The shrine is located near a Neolithic campsite used by hunters during gazelle migration seasons.
Deep in the Jordan desert, a team of Jordanian and French archaeologists from the South Eastern Badia Archaeological Project (SEBAP) have uncovered a “unique” and “almost intact” Neolithic shrine. They believe that it’s about 9,000 years old.
“The site is unique, first because of its preservation state,” explained Jordanian archaeologist Wael Abu-Azizeh, the co-director of the project. “It’s 9,000 years old and everything was almost intact.” The shrine was found within a larger campsite.
Archaeologists from Jordan’s Al Hussein Bin Talal University and the French Institute of the Near East came across the site in 2021, while searching a desert plateau in southeastern Jordan. There, according to a statement from the Jordan News Agency, they found two large stones carved with human figures as well as “marine fossils, dolls of animals, exceptional flint tools, and [hearths] associated with the practice of religious rituals.”
The shrine is made up of more than 150 snail-shaped marine fossils next to what would have been an altar. According to Mohammad Tarawneh, another archaeologist on the team, “They were arranged vertically and very carefully in a certain direction.”
The archaeologists working on the project extolled the unique nature of the site:
“This discovery is unprecedented, as it constitutes a unique testimony of a complex ritual arrangement, dating back to the Neolithic period,” they said. “Every single component in itself is remarkable.”
The site was discovered near “desert kites,” or traps used by ancient people to trap wild gazelles, which the archaeological team first came across in 2013. These traps, made of long stone walls leading into an enclosure, appear across the Middle East. Archaeologists also found numerous gazelle bones near the camp.
But the most fascinating part of the discovery is assuredly the two carved stones, which archaeologists dubbed “Ghassan” and “Abu Ghassan.”
“Large standing anthropomorphic steles (stone slabs) are not so common in the Near Eastern Neolithic, and the newly discovered testimonies provide an additional rare example of some of the oldest artistic expression in the Middle East,” archaeologists said.
The larger stone, which is a little over three-and-a-half feet tall, bears the carving of a human figure and a desert kite. The smaller stone, which stands about two feet tall, is inscribed with a human face. As humans were not yet using metal tools at the time, it is likely the statues were carved using flint or other stones.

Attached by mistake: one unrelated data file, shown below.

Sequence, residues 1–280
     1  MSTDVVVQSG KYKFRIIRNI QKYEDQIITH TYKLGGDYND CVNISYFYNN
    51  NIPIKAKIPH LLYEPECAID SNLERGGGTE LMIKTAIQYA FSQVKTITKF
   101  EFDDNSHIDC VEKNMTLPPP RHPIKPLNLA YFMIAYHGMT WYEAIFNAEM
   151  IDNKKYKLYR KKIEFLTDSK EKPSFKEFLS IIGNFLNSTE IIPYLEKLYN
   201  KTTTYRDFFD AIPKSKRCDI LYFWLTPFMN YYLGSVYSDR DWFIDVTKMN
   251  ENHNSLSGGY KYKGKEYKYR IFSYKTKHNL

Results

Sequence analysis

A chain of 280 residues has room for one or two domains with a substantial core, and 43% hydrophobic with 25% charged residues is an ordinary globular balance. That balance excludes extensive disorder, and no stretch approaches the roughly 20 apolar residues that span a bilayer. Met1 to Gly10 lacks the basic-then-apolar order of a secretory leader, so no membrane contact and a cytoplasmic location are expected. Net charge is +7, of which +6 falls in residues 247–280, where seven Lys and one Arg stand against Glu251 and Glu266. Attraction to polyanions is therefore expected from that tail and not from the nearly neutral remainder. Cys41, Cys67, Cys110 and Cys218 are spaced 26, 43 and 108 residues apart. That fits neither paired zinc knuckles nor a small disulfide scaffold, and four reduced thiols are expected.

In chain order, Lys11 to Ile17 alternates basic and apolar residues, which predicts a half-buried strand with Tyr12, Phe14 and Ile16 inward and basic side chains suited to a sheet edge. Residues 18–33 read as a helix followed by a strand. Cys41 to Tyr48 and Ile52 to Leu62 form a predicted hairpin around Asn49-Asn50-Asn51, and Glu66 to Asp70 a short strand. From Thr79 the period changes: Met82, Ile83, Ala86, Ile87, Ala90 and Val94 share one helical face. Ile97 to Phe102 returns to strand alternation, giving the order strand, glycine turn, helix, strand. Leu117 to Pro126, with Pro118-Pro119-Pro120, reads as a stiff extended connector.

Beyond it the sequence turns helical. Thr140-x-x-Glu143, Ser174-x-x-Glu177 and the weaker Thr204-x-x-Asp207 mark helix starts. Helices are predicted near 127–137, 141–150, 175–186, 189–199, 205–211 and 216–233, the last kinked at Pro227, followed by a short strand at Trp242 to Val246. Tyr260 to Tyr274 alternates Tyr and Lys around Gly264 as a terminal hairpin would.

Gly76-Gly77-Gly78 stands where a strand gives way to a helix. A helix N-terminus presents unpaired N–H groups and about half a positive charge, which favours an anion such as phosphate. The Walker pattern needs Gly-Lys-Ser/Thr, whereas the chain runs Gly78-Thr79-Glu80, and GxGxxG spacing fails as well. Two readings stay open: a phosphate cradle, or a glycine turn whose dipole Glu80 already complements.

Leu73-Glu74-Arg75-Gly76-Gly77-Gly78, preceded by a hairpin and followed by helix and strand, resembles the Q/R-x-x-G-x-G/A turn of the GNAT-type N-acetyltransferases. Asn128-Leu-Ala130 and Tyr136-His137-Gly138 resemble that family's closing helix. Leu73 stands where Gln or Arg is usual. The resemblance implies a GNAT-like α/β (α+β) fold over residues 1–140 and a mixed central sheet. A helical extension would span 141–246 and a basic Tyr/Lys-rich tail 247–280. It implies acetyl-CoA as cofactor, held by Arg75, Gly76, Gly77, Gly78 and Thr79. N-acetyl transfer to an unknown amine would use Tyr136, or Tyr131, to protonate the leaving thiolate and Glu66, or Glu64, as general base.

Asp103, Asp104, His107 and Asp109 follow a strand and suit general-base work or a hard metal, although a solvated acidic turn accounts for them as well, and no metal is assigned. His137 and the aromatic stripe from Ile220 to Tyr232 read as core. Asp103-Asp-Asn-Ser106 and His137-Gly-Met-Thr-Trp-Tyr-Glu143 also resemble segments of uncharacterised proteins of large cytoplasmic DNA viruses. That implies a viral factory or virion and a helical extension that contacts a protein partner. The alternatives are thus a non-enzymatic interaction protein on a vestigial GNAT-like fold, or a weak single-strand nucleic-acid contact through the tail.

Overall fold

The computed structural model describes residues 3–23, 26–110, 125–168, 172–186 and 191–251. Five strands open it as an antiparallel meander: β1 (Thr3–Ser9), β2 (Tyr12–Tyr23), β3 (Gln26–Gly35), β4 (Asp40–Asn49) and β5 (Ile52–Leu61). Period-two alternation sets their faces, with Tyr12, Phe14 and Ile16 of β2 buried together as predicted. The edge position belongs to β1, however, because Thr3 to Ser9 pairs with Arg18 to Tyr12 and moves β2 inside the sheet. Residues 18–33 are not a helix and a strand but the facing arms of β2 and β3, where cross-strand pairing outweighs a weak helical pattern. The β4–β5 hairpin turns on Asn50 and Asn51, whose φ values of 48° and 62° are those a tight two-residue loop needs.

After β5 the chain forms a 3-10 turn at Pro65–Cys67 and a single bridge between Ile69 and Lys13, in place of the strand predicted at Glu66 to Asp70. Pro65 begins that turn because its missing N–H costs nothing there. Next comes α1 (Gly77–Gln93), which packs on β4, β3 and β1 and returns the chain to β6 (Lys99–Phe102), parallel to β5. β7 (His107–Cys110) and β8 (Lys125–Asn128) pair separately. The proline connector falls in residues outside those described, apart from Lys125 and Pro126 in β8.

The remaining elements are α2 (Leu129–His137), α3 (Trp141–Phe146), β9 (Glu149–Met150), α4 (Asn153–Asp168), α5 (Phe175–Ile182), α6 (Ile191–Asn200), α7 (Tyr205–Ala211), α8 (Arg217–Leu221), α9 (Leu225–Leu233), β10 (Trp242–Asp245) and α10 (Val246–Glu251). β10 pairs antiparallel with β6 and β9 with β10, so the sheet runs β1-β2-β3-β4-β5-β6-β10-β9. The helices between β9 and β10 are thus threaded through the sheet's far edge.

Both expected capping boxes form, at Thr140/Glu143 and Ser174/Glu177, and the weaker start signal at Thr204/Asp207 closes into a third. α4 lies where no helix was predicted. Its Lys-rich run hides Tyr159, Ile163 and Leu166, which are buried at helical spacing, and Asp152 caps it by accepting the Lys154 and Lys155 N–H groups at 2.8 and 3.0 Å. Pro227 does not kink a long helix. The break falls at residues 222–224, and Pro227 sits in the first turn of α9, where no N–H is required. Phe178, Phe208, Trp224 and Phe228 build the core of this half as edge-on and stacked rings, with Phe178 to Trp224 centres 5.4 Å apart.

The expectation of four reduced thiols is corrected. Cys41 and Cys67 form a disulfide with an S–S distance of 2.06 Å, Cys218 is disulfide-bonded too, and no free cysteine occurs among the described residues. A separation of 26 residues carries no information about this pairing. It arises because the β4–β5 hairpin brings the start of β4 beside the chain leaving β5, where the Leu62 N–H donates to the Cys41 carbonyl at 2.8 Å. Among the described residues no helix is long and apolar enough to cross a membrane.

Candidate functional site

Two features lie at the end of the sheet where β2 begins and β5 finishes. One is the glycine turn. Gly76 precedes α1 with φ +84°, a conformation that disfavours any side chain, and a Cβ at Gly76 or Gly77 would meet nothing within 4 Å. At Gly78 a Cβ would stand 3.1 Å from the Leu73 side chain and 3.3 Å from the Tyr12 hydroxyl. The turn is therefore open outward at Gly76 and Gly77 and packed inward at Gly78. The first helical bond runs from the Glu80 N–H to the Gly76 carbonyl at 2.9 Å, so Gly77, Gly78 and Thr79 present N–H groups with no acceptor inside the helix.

But what did ancient people use these shrines for? The archaeological team suspects that they played a primarily spiritual role — and reflected the importance of the desert kites. Hunting gazelle, they suggested, must have been the “center of [Neolithic people’s] cultural, economic, and even symbolic life.”
In their statement, the researchers explained: “The sacral symbolism and ritual performance evidenced were most likely devoted to invoke the supernatural forces for successful hunts and abundance of preys to capture.”
“The altar and associated hearth suggest that some kind of sacrificial offerings must have been involved in the ritual process.”
Both Jordanian and French representatives are thrilled at the discovery, which they note is “the only architectural model of its kind known to date worldwide in a Neolithic context.”
“Jordan is the cradle of civilizations that has embraced and continues to amaze us with what comes out of its womb and its pure soil from new archaeological discoveries, not only at the local level but also at the international level,” raved Jordanian Minister of Tourism and Antiquities Nayef Hamidi Al-Fayez in his announcement of the discovery.
And French ambassador Veronique Vouland-Aneini praised the discovery, saying, “It provides us with a priceless testimony of the historical life in the Middle East, its traditions and rituals.”
This archaeological project is part of a decade-long quest to understand “the first pastoral nomadic societies, as well as the evolution of specialized subsistence strategies.”
Happily, it seems that the discovery of this Neolithic shrine will offer an important piece of that larger puzzle. It also goes to show that the Jordanian desert contains plenty of stories about our shared human past.
After reading about the Neolithic shrine found in the Jordanian desert, learn about some other fascinating discoveries from humanity’s past, like the 1,500-year-old wine factory in Yavne, Israel, or the 10,000-year-old woolly mammoth remains found in Siberia’s Pechevalavato Lake.